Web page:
Up close and personal with Africanized Honey Bees

July 16, 2009 | By | Comments (5)

Lindsaywithbees

I’m no stranger to Africanized honeybees.A few years ago my dad was attacked in
Tucson while watering the plants in our backyard. Even after he frantically ran
inside, more than thirty bees followed him, and my entire family had to swat for
nearly ten minutes to get rid of them. He was stung more than thirty times. 

The year before an inspector told us they were Africanized bees, but we’d never had a problem until that day.

Most people know Africanized bees as killer bees, a term UC
Davis entomologist Eric Mussen says is misleading. “They were called assassin bees in Brazil because the bees go into European honeybee colonies and wipe out the other bees, not because they kill humans.” They do pose a more serious
threat than European bees though. While you might receive up to 200 stings from
a honeybee attack you could receive up to 2,000 from Africanized honeybees,
something virtually no one can withstand. Genetically, AHB are more aggressive
in guarding the hive—they’ll follow you for up to 30 minutes and thus you’re
more likely to be stung.

In the past ten years, AHB have gradually been moving north;
so far they’ve been located as far north as central Nevada. But Mussen says
that trend is slowing and that no new migration has been recorded in recent
months. “It appears as though the Northwest expansion has slowed down to a
trickle, if not stopped,” Mussen said. “We were predicting they’d be in the Bay
Area by now, but for some reason they didn’t make it.” There’s enough pollen
and NorCal has the right climate, so entomologists don’t really know why the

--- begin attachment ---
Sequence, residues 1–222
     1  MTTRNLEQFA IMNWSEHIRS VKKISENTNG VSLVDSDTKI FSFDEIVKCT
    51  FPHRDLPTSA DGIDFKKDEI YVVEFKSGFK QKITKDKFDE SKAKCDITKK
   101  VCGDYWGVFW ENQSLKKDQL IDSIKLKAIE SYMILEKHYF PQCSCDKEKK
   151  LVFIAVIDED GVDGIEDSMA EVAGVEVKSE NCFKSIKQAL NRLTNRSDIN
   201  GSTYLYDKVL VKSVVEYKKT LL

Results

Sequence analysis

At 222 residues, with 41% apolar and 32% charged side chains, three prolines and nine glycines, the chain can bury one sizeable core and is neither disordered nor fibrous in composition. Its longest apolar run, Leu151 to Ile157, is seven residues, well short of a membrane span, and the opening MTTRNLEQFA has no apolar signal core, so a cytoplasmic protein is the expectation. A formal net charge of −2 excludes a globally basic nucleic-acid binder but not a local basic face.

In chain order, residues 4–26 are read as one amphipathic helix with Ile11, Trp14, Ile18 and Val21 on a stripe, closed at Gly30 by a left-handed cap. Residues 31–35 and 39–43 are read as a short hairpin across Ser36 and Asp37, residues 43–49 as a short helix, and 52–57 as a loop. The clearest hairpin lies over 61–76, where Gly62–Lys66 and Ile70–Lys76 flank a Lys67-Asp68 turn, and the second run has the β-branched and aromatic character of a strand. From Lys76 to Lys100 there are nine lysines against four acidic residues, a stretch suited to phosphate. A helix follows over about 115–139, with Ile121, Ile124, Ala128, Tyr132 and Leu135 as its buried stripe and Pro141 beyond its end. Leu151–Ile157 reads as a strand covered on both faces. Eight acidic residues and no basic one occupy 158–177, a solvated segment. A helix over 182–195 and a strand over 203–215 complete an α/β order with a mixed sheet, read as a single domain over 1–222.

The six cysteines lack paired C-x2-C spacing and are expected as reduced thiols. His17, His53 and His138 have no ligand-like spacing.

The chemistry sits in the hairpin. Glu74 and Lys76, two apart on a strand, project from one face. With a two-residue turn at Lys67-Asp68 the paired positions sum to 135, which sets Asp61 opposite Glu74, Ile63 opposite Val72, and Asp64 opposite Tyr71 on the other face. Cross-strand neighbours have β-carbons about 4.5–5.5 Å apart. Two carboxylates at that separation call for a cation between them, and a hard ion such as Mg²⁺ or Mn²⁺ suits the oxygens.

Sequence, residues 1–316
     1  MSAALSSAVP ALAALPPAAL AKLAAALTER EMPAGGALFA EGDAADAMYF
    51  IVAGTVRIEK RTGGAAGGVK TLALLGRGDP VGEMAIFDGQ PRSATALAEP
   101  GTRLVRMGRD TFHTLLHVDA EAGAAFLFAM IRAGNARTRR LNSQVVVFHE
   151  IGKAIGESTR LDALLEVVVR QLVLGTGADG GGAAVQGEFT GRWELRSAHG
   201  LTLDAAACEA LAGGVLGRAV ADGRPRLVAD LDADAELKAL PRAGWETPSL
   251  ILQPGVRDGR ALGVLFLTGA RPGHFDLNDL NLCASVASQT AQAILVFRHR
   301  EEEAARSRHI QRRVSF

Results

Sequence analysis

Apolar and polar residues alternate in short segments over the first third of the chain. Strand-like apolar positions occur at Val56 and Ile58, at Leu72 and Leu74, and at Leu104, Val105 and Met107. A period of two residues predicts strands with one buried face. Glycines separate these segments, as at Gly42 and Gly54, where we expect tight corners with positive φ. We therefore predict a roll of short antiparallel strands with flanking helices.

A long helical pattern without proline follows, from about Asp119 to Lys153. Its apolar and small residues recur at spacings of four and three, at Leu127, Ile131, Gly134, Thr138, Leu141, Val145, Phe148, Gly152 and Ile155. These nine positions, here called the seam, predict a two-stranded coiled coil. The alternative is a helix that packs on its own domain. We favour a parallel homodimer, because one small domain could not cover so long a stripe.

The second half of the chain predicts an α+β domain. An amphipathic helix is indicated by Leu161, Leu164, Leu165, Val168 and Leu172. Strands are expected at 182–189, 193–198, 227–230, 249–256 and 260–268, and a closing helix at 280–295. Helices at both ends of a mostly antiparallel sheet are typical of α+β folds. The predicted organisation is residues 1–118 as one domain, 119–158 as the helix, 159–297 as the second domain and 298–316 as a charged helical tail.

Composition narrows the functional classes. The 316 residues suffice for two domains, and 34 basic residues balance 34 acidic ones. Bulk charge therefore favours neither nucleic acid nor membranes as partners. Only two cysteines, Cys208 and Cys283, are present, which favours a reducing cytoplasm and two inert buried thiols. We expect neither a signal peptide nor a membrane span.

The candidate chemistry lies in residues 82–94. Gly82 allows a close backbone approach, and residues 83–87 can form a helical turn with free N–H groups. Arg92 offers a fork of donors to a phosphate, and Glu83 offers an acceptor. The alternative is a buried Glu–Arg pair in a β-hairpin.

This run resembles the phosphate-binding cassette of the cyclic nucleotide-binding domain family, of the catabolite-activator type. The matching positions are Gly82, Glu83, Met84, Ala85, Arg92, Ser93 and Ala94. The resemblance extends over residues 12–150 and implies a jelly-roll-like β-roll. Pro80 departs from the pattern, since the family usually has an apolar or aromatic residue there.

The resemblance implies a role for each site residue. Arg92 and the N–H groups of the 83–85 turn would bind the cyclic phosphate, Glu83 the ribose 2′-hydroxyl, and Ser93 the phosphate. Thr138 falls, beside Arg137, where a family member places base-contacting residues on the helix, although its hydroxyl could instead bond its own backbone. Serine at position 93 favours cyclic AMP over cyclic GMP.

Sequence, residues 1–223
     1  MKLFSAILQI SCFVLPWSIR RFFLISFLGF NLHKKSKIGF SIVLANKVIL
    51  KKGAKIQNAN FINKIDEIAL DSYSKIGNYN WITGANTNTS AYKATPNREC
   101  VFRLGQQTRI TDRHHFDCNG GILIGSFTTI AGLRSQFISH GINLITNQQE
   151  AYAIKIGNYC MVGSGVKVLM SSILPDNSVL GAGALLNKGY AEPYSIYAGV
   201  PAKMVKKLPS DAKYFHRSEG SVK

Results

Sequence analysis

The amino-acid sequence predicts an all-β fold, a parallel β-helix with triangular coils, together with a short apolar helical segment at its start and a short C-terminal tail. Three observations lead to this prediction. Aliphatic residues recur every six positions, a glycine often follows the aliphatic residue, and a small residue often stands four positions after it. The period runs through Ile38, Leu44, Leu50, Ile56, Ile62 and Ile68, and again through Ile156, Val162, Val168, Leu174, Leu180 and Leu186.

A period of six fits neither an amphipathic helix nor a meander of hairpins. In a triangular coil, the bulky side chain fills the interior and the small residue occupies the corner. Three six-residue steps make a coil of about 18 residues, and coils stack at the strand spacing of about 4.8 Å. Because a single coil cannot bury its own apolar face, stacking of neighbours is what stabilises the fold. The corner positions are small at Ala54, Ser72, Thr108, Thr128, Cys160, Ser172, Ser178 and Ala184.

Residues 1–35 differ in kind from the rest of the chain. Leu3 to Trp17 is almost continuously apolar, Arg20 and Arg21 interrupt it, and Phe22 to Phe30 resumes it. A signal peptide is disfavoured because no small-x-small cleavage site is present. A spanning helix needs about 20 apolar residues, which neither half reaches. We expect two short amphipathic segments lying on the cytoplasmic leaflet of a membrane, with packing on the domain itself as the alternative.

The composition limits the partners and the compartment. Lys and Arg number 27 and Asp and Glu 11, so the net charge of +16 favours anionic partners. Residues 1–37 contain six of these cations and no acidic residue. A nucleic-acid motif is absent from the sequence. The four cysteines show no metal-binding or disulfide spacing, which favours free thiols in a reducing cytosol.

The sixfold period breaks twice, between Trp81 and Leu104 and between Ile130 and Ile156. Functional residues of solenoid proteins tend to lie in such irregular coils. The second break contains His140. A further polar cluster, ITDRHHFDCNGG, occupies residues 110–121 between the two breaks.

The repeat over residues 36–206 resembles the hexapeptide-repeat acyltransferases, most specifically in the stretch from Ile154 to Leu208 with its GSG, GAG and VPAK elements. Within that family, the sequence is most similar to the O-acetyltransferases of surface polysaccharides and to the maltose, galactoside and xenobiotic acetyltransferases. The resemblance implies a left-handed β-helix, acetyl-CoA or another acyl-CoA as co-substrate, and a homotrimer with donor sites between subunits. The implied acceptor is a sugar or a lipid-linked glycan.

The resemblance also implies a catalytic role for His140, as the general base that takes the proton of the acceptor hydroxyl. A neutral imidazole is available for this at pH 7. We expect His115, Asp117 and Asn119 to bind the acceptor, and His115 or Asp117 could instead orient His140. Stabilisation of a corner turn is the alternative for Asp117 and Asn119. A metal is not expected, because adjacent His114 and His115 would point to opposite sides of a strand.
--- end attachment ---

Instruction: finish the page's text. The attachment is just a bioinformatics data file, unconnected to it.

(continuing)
bees aren’t migrating.

The good news is, beekeepers have learned how to mitigate
aggressive AHB colonies by introducing European honeybee queens, which then
cross-breed and produce gentler offspring. If only I’d had beekeeping skills
back then and could have re-queened the hive outside our house. Ok, you’re
right, I probably wouldn’t have had the gusto to suit up and try to reengineer
an entire hive. That’s something I’d happily leave up to a professional!

In the end, my dad was fine and never had to go to the hospital. But he’s jumpy around bees now and even the sound of a fly makes the hairs on his arms stand up. It’s too bad he never got the chance to meet Sunset’s bees. Even though they have their feisty moments, they’ve completely won me over.

By Lindsey Hoshaw, Sunset intern

COMMENTS

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  3. jan mattson

    I so enjoyed your article and having lived in Tucson for 15 years made it even more interesting to read. I have not had the bee experience but can only imagine getting those off a person as quickly as possible.

    July 26, 2009 at 10:26 pm
  4. Andy

    Thanks for this article. Beekeeping seems to be a tough job though and requires passion as everywhere.

    July 17, 2009 at 2:28 pm
  5. Diane Bailey Haug

    As an encaustic artist working in beeswax we definitely want to keep the bees making honey (and wax). Very nice article Lindsey.

    July 16, 2009 at 6:56 pm

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